"suggest" : {
  "text" : "New",
  "completion" : {
    "field" : "suggest",
    "fuzzy" : {
      "fuzziness" : 1

Here we query for suggestions containing the text “New”, and we allow levenshtein distance 1, meaning that one letter may be incorrect positioned, so “Nwe” will match “New” as well.

That’s it! Feel free to write a comment if you struggled with this feature as well.

Setting up traceview for Plone

As I described in my previous blog post traceview can run on a stand-alone Plone site, i.e. without no front-end webserver. In this blog post I will described the required steps to get started on using traceview for Plone.

Step 1 – login to traceview

The first step is of course to login to the traceview interface, if you don’t have an account, sign up at AppNeta’s homepage. Apparently, they got a free plan if you just have one application, i.e. one Zope instance . After you have logged in go to “Get started” and select “Install host agent”. Then you will see the appropriate command you should run on the server. This will install the daemon that sends data to AppNeta, and also various C libraries.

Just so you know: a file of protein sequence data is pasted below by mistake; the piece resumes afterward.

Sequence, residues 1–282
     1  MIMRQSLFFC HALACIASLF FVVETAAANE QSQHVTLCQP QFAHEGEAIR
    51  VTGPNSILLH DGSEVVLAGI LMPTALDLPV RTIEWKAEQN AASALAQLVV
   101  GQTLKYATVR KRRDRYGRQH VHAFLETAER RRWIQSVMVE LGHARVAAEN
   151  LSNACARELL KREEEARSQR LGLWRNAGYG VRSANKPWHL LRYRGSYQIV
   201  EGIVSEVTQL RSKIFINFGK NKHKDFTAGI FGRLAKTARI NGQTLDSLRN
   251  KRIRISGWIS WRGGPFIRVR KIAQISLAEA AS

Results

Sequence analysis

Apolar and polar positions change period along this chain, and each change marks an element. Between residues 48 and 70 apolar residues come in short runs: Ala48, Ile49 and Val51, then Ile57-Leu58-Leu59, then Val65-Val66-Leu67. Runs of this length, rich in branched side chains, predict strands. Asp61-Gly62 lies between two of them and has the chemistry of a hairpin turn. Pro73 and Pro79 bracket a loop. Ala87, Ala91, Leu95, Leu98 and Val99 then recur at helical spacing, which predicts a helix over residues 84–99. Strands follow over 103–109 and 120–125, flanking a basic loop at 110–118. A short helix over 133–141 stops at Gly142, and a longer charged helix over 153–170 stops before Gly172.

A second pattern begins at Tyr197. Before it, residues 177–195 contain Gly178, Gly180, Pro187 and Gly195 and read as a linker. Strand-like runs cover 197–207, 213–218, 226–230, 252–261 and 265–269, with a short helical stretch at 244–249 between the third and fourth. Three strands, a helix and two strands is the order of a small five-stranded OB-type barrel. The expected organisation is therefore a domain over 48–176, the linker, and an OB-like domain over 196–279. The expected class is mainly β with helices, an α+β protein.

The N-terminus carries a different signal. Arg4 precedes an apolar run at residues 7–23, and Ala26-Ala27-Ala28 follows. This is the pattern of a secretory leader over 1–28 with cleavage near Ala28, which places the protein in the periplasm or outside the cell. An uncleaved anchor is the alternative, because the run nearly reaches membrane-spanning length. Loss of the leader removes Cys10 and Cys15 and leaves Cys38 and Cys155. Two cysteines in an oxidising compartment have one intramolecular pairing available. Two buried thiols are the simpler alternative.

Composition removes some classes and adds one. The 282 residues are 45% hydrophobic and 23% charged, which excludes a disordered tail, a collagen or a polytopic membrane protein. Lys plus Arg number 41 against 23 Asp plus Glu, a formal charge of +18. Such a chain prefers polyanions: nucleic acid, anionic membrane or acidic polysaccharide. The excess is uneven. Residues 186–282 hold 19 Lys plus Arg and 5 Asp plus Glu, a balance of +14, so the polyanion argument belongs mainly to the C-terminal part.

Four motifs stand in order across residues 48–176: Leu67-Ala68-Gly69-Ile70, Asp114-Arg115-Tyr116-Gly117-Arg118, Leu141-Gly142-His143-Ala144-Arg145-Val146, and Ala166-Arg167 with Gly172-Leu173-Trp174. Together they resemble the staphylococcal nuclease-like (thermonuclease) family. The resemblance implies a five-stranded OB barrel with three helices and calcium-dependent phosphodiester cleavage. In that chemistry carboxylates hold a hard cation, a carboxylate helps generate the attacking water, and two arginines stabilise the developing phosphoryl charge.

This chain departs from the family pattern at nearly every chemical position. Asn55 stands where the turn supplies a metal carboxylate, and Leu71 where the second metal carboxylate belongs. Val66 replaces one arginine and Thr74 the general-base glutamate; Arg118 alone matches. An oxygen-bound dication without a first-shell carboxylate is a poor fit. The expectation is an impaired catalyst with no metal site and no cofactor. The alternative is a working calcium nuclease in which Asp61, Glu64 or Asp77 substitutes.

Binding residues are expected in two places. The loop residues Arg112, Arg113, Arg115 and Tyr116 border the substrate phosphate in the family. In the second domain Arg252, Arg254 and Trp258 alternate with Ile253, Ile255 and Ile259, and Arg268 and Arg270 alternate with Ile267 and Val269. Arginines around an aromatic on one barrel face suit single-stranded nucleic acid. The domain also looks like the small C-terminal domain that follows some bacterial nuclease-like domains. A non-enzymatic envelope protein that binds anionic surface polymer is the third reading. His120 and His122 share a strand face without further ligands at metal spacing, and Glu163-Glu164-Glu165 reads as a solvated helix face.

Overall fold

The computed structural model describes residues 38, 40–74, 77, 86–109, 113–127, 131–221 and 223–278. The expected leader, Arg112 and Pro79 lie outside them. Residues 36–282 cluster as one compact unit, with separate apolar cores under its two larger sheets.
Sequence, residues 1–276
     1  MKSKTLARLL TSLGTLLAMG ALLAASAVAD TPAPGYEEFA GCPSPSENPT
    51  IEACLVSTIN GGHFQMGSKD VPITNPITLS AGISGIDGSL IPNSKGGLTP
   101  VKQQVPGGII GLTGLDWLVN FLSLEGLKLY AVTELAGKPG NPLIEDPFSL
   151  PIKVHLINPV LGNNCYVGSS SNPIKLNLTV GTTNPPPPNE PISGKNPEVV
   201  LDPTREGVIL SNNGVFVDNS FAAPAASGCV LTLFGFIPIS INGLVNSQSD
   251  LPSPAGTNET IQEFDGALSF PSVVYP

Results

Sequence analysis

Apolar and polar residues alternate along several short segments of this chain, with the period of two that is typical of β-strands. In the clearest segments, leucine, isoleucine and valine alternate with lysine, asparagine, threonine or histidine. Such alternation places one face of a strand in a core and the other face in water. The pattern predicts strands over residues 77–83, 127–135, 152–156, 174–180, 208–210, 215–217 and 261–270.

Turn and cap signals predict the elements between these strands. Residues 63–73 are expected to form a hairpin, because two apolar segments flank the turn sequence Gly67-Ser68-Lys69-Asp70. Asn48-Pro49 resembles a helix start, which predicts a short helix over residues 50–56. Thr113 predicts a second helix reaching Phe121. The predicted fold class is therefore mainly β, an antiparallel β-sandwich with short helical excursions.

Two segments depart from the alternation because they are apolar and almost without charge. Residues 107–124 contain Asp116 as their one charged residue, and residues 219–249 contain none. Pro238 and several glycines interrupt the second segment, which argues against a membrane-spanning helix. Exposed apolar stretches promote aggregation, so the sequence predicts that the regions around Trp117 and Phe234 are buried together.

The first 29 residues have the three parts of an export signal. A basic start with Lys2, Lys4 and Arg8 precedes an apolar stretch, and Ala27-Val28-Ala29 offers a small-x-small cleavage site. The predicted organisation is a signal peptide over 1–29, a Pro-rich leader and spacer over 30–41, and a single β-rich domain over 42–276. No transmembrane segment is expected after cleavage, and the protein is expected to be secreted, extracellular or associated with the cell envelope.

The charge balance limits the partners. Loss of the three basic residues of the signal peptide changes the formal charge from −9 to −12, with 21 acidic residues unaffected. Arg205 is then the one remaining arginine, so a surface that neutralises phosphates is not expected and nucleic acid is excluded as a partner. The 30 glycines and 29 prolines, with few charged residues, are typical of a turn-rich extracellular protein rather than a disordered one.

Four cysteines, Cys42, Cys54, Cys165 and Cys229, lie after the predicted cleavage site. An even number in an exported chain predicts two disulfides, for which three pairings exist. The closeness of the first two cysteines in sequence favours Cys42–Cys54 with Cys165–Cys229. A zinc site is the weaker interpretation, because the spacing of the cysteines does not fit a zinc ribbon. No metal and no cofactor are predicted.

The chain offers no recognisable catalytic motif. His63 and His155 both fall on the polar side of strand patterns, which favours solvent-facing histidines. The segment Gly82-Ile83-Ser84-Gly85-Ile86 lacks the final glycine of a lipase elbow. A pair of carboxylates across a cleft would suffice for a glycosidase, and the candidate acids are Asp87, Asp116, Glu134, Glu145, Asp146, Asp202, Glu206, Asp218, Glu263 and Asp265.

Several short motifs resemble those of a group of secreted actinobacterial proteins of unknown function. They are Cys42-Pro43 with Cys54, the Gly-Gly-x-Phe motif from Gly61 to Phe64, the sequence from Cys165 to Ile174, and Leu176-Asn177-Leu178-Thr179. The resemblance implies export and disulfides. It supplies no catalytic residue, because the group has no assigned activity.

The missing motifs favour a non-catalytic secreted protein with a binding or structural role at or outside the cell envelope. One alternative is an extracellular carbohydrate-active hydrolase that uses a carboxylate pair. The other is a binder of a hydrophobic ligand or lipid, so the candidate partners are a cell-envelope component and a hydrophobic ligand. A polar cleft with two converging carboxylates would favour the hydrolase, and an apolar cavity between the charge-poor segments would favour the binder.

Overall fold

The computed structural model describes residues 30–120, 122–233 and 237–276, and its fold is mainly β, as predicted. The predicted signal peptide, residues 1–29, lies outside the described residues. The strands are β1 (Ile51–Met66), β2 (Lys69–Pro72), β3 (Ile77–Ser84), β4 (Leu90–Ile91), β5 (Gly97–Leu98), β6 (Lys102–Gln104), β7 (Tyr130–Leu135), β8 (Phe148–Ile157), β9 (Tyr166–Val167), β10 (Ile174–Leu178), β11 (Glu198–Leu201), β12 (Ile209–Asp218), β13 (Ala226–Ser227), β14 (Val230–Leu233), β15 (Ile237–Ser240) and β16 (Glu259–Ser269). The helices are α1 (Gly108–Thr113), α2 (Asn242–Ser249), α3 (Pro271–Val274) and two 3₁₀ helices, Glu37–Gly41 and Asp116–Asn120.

Step 2 – set up your Python environment

You need the oboe module to use collective.traceview. It can be installed either via pip/easy-install. I recommend to use a virtual environment if you choose this approach. It can also be installed via buildout. The oboe egg is on pypi so it should not be any problem just adding it to the egg list. Also, remember to add collective.traceview to the egg list.

Step 3 – setting up environment variables

You need a series of environment variables to inform Plone that it should do tracing and also how it should do the actual tracing. Ideally, you should set these environment variables via buildout since you may have different profiles, e.g. test, production, etc. You should have a buildout configuration similar to this:

environment-vars +=
    TRACEVIEW_IGNORE_EXTENSIONS js;css;png;jpeg;jpg;gif;pjpeg;x-png;pdf

Most of these variables are quite obvious, and each of them is explained in the README of collective.traceview. Basically, what the configuration says is, that Plone should trace (TRACEVIEW_PLONE_TRACING 1) and there should be done no tracing for js, css, etc files (TRACEVIEW_IGNORE_EXTENSIONS js;css;png;jpeg;jpg;gif;pjpeg;x-png;pdf). Furthermore 404 pages should not be traced (TRACEVIEW_IGNORE_FOUR_OH_FOUR 1), and we trace just 3 out of 10 requests (TRACEVIEW_SAMPLE_RATE 0.3).